BACKGROUND/OBJECTIVE: Pseudomeningocele is most commonly the result of a rent in the meninges during spine surgery. Noniatrogenic causes exist but are rare. Pseudomeningoceles may heal spontaneously, but they may also slowly enlarge. They rarely present as a mass within the abdomen. The objective of this study was to present the first case report of hydronephrosis secondary to lumbar pseudomeningocele. DESIGN: Single case report and literature review. METHODS: Single case report. RESULTS: This man had undergone extensive lumbar spine surgery for pain and spondylolisthesis. He subsequently developed a pseudomeningocele that caused hydronephrosis of the left kidney. He was treated with surgical intervention and had resolution of his hydronephrosis and his flank and groin pain. He also had improvement of his back pain. CONCLUSIONS: This report shows an unusual cause of hydronephrosis-a pseudomeningocele presenting as an abdominal mass that compressed the ureter.  (+info)

Tripod sign. (4/9)


Meningism following Salmonella virchow food poisoning. (5/9)

Thirty six patients were admitted to hospital as a result of Salmonella virchow infection during an outbreak of food poisoning in Essex in 1984. Out of 12 patients with evidence of bloodstream invasion, one third presented primarily with meningism and attention is drawn to this unusual clinical picture.  (+info)

Spinal subarachnoid haemorrhage presenting as spinal block without meningism. (6/9)

A case of spinal subarachnoid haemorrhage with progressive spinal cord compression and without any evidence of meningism is described. Spinal block was demonstrated by myelography and computerized tomography and surgical decompression of the subarachnoid blood clot resulted in almost complete recovery. A diagnosis of spinal subarachnoid haemorrhage should be considered in any patient who presents with acute back pain and slowly or rapidly progressive neurological signs in the limbs, even when meningism is absent.  (+info)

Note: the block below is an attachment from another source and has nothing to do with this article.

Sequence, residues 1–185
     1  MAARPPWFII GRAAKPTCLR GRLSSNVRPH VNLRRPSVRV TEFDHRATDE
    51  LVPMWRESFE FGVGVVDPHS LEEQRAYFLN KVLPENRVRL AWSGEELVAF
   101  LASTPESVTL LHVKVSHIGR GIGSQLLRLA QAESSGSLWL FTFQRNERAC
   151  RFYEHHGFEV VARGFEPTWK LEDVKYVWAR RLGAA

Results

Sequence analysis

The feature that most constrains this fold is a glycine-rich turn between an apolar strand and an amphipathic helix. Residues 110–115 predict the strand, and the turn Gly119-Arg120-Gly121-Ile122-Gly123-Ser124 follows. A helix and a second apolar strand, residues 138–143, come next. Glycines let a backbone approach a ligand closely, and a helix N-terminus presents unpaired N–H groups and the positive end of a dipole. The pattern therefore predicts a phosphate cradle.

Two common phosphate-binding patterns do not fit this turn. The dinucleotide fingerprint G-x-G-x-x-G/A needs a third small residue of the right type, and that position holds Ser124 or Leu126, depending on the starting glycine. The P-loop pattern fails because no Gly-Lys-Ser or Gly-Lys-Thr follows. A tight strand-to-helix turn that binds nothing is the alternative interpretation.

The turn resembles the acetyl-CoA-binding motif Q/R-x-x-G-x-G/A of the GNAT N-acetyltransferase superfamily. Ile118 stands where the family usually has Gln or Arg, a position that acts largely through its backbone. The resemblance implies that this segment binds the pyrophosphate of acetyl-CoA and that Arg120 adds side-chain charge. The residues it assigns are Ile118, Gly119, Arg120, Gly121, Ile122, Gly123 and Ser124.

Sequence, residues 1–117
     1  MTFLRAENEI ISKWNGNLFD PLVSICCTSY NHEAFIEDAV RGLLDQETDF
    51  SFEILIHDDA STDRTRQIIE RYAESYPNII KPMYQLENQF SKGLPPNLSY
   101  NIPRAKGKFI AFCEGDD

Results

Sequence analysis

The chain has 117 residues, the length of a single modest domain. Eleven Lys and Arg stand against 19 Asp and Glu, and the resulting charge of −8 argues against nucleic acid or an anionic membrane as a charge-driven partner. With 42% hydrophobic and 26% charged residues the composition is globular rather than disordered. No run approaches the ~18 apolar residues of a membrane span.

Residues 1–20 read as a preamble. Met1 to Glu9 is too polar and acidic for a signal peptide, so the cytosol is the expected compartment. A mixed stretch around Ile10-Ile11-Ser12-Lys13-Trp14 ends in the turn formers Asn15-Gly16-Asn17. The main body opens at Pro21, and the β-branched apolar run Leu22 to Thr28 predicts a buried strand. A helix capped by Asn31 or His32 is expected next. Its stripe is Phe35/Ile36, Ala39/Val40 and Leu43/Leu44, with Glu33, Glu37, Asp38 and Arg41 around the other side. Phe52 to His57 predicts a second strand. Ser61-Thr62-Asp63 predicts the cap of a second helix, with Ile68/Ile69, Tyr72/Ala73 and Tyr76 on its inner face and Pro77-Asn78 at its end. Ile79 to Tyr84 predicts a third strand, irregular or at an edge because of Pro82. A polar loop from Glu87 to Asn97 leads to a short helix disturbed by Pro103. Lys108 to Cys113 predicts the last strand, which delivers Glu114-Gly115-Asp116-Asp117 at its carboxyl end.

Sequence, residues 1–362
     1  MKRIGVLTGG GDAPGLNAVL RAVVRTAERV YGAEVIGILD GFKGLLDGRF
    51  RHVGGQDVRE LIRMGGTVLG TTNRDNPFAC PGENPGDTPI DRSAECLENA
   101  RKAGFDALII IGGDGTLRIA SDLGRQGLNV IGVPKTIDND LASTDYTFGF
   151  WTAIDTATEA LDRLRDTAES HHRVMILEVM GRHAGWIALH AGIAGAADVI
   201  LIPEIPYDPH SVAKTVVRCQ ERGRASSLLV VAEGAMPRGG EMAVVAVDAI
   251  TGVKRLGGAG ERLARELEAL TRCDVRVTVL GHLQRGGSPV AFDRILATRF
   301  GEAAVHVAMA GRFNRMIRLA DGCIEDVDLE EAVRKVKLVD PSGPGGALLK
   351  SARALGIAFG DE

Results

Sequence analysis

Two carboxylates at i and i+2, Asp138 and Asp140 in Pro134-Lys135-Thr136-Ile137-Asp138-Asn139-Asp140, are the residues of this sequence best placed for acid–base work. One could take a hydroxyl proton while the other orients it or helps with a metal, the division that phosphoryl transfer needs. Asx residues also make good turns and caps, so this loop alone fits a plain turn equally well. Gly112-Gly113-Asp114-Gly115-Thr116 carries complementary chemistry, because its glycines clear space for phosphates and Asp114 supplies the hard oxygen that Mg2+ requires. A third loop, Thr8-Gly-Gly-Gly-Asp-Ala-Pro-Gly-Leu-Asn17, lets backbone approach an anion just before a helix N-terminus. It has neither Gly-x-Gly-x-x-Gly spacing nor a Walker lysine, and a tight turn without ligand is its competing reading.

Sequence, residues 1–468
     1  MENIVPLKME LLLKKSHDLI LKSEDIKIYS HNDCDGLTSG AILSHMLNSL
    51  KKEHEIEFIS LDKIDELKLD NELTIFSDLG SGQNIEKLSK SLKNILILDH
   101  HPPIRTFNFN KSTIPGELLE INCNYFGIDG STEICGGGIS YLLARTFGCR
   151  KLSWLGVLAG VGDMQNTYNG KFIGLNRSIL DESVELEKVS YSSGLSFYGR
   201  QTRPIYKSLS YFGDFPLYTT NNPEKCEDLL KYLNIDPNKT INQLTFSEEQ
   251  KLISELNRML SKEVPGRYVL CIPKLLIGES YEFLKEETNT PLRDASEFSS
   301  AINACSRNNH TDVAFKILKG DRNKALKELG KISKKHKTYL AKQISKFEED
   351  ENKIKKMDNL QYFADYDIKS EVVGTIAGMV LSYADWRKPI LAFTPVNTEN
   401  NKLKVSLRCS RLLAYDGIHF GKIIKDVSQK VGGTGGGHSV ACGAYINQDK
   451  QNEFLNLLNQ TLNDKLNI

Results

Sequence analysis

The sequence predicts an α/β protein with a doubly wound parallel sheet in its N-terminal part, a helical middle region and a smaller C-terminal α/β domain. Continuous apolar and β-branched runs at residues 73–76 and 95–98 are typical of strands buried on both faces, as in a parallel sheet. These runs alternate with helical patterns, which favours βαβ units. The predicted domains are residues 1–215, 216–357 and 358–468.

Cerebral complications in juvenile rheumatoid arthritis. (7/9)

A study of 170 patients with juvenile rheumatoid arthritis and a review of the literature indicate that this disease can significantly affect the central nervous system. Signs of CNS dysfunction were observed in 13 children. During the acute toxic stages the EEG is abnormal in many cases. Other manifestations of toxic encephalopathy such as irritability, drowsiness, stupor, convulsions and marked meningismus may be evident in severe cases. Meningitis is often suspected but ruled out by the finding of normal CSF. Steroids can rapidly improve the condition of these children. If ;unexplained' seizures occur during the chronic stage, the diagnosis of cerebral vasculitis should be entertained.  (+info)

Enteric fever in young Yoruba children. (8/9)

Ninety-seven Nigerian children under 5 years of age had typhoid or paratyphoid fever proved by blood culture. The presented with fever, anaemia, gastrointestinal or neurological disturbances, and typhoid and paratyphoid appeared clinically indistinguishible. In this holoendemic malarial area, malaria was the most important differential diagnosis, and may have contributed to the concomitant anaemia seen in the majority of patients. Despite vigorous therapy with chloramphenicol or trimethoxazole, and blood transfusion where indicated, the mortality in both typhoid and paratyphoid was high (18% in both groups).  (+info)